Asked about the recording process, she confirms she is something of a perfectionist, but shies away from any suggestion that she likes to have control: “I like to go into the studio with it all ready. I don’t go in hoping I’ll have an idea. If I have written, say, ten songs on an album, then I go in with those ten songs. I have it in my mind, how it will sound. For many years, since around 2002, I’ve played all my instruments. When you hear drums, I’ve programmed that. These are songs I’ve written, so it’s for me to do them. I know normally a producer or a band member would get the sound needed, but these are my songs, so it’s for me to get them done. I always like to know what’s going on. I don’t go in hoping something will happen when I get there. I know what’s going on. That’s my job, it’s what I do. I go into the studio with the shape already there.”

Known for her use of Ovation guitars, Armatrading admits to using a Martin on the latest recording but also confirms she still loves Ovations, both six and twelve-strings, and generally plays them most: “I love playing guitar. It’s such a challenging instrument.”  A little bit more portable than a piano, I add, and she laughs yet again and agrees: “Yea, a bit more portable. I still play Ovations, though on this album it’s a Martin. I have Gibson too. But it depends on the sound, on what the song needs,” she explains. ”I can hit them very hard at times, punish them.” Again, her laughter rings out.

Armatrading has a reputation for guarding her personal life, privacy is always an important strand to her. And although it’s always tempting to assume that song lyrics are always deeply personal and possibly ultimately revealing, she is happy to outline her thinking on the subject generally: “‘Consequences’ is maybe the most intimate album I’ve ever made. But the songs are not all about me. I like my privacy. With that in mind, why would I suddenly throw all of it out with my songs? Why would I just sort of open up my private life like that? I read somewhere recently that I’d never written a song about me, but that’s also nonsense. How can that be possible? We all write about life, what we see, hear, feel, experience. Take the song, ‘Better Life,’ that’s very much me, very much how I think. It’s important to recognise yourself, be proud of yourself, be optimistic, not to always compare yourself to other people. That’s all very much me. You can always tell the songs that are me, cos they have that positive, optimistic thing about them.”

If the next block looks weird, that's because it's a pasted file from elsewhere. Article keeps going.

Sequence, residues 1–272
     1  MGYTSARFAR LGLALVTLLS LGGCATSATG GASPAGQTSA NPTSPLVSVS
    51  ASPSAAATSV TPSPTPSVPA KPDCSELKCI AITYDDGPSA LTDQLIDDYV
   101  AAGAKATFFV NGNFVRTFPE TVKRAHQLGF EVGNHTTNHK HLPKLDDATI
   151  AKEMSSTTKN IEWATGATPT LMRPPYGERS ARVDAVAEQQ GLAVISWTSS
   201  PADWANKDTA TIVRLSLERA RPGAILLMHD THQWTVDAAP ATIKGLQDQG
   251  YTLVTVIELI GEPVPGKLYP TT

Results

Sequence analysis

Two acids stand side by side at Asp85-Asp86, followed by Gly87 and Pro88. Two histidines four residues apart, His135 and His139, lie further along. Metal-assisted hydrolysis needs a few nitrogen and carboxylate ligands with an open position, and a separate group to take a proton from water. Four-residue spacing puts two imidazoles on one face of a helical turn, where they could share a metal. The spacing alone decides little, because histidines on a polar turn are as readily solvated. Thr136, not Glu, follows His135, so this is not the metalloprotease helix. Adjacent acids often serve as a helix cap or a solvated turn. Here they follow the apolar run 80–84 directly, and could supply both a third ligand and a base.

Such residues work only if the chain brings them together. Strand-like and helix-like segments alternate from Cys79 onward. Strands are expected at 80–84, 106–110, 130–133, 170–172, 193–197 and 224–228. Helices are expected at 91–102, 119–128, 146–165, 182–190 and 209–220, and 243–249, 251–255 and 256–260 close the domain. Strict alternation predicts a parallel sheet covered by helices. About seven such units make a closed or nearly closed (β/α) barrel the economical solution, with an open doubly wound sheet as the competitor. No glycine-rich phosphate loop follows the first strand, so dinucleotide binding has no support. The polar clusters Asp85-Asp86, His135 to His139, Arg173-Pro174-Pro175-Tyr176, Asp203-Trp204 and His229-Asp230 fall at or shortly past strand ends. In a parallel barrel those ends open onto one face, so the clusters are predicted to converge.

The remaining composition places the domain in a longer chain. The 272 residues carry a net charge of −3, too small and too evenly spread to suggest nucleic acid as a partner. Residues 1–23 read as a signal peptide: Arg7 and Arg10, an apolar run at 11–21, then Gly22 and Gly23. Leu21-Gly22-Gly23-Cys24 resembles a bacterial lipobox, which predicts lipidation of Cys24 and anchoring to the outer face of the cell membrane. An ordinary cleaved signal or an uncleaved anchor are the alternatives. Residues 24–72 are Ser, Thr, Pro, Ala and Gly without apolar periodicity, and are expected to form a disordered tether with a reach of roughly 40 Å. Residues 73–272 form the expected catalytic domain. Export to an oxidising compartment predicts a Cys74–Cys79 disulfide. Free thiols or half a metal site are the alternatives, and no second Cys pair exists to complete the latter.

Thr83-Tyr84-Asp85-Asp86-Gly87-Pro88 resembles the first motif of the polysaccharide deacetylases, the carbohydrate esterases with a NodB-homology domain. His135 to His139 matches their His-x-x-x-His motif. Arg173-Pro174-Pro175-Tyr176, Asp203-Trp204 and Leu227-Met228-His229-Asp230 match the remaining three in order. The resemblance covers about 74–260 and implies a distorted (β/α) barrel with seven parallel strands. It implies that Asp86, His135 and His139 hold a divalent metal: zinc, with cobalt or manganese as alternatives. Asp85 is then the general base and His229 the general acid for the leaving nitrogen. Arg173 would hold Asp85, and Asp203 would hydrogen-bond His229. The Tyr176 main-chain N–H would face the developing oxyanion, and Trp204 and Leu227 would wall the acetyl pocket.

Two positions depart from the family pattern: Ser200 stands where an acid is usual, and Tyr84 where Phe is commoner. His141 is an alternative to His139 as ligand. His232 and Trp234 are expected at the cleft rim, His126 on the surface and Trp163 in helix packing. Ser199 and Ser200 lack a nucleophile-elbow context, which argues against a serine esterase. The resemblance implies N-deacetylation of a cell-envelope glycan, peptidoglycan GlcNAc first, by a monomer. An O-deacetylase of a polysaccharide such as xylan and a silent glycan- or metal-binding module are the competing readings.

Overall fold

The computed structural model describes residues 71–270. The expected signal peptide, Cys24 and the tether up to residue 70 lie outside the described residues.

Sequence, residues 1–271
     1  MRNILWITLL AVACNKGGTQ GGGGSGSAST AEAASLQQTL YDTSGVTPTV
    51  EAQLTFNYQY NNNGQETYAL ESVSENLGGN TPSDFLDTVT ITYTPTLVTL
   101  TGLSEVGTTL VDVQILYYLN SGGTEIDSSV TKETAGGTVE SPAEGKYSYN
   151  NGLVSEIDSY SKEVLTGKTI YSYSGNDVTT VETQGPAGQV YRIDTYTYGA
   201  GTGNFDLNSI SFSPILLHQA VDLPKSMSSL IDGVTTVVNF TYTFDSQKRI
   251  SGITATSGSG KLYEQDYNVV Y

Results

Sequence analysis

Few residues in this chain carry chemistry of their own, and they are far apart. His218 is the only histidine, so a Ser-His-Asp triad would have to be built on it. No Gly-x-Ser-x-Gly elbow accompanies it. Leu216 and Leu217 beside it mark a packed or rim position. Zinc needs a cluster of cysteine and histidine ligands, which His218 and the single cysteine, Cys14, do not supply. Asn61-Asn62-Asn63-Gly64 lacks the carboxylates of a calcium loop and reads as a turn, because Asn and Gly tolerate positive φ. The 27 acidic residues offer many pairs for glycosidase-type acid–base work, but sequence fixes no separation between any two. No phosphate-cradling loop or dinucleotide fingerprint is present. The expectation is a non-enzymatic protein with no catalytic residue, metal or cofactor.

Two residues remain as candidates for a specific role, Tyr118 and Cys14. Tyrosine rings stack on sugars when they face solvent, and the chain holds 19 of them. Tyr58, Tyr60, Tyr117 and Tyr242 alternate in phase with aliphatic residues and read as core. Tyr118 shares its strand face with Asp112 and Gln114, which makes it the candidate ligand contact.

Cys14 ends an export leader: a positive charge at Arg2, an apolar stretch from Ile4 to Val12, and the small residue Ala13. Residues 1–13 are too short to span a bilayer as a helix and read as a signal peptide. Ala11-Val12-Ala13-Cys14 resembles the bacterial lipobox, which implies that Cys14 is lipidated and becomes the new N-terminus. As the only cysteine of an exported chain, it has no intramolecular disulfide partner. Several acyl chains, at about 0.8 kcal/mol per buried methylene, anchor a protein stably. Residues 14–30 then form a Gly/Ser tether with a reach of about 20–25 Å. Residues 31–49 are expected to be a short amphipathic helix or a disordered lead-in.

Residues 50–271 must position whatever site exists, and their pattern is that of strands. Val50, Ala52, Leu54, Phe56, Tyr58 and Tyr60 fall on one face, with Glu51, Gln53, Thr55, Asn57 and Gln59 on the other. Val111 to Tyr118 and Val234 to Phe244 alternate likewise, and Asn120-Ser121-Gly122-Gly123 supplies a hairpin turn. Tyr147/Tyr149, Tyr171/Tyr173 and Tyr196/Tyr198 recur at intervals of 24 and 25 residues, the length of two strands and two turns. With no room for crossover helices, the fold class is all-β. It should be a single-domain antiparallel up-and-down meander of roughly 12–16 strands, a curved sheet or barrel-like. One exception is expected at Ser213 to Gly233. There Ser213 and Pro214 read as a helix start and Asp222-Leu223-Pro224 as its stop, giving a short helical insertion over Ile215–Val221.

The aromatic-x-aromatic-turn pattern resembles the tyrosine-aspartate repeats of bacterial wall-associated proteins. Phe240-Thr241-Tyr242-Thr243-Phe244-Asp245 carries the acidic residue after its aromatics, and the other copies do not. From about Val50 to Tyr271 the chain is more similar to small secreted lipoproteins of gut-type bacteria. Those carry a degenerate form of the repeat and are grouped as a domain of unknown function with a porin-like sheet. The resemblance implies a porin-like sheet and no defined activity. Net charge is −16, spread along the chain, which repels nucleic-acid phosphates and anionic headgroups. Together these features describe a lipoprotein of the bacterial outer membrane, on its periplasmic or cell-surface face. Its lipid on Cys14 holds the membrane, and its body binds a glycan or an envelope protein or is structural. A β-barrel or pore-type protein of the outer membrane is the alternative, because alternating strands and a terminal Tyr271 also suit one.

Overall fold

After so long at the top of the music business, Armatrading can glance back and seems delighted by her extraordinary success and global position: “I recall the excitement back when I started out with my career. I never felt that I had to address any real issues. In 1976 with ‘Joan Armatrading’ then in 1980 with ‘Me, Myself, I,’ people did take notice. And that was great. But, you know, every album that comes out all have that same excitement for me. I’m excited about my new album (‘Consequences’). Almost every album feels like that first album in 1972. Taking it back a bit, I remember being super-excited by my first album. And I feel genuinely super-excited again about this one too. I felt the same about my last one too, so that’s a constant.”

The Pandemic has made little impact on Armatrading and her music. Save for missing out on meeting friends, eating out and shopping – the normal things of life – she says she has hardly been affected: “I didn’t plan any tours this year, when the new album launched, or next year. I did a Livestream gig in July to support the launch of ‘Consequences,’ but I’ve been using technology more and more anyway in recent years. So, I can honestly say that the pandemic has had virtually no effect on me, save for going out with friends, eating out at a restaurant or shopping. I have my own studio where I work, so I just get on with it. I’ve been doing it so long now, it’s just normal for me.”